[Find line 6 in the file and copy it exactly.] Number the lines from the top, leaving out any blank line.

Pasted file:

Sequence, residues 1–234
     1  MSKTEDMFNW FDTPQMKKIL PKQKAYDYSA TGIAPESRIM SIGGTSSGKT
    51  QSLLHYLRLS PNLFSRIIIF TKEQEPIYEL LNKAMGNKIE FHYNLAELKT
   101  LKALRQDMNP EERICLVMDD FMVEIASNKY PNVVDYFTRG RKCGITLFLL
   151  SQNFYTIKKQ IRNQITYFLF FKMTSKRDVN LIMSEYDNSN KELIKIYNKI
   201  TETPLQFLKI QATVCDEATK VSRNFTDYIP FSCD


   201  TETPLQFLKI QATVCDEATK VSRNFTDYIP FSCD